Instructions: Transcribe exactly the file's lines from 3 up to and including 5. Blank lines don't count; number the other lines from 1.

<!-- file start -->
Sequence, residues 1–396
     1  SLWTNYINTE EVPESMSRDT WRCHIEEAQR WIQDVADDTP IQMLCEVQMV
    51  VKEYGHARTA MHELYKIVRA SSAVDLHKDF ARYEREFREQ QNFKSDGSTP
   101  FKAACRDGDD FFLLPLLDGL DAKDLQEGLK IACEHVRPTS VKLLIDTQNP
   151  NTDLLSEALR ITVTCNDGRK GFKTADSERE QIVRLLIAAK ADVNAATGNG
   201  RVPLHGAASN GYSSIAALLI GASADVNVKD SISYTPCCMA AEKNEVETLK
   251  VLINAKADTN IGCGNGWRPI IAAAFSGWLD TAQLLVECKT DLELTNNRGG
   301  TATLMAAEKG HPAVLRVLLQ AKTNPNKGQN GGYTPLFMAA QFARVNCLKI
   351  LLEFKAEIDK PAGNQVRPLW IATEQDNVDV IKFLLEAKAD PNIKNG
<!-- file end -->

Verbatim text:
    51  VKEYGHARTA MHELYKIVRA SSAVDLHKDF ARYEREFREQ QNFKSDGSTP
   101  FKAACRDGDD FFLLPLLDGL DAKDLQEGLK IACEHVRPTS VKLLIDTQNP
   151  NTDLLSEALR ITVTCNDGRK GFKTADSERE QIVRLLIAAK ADVNAATGNG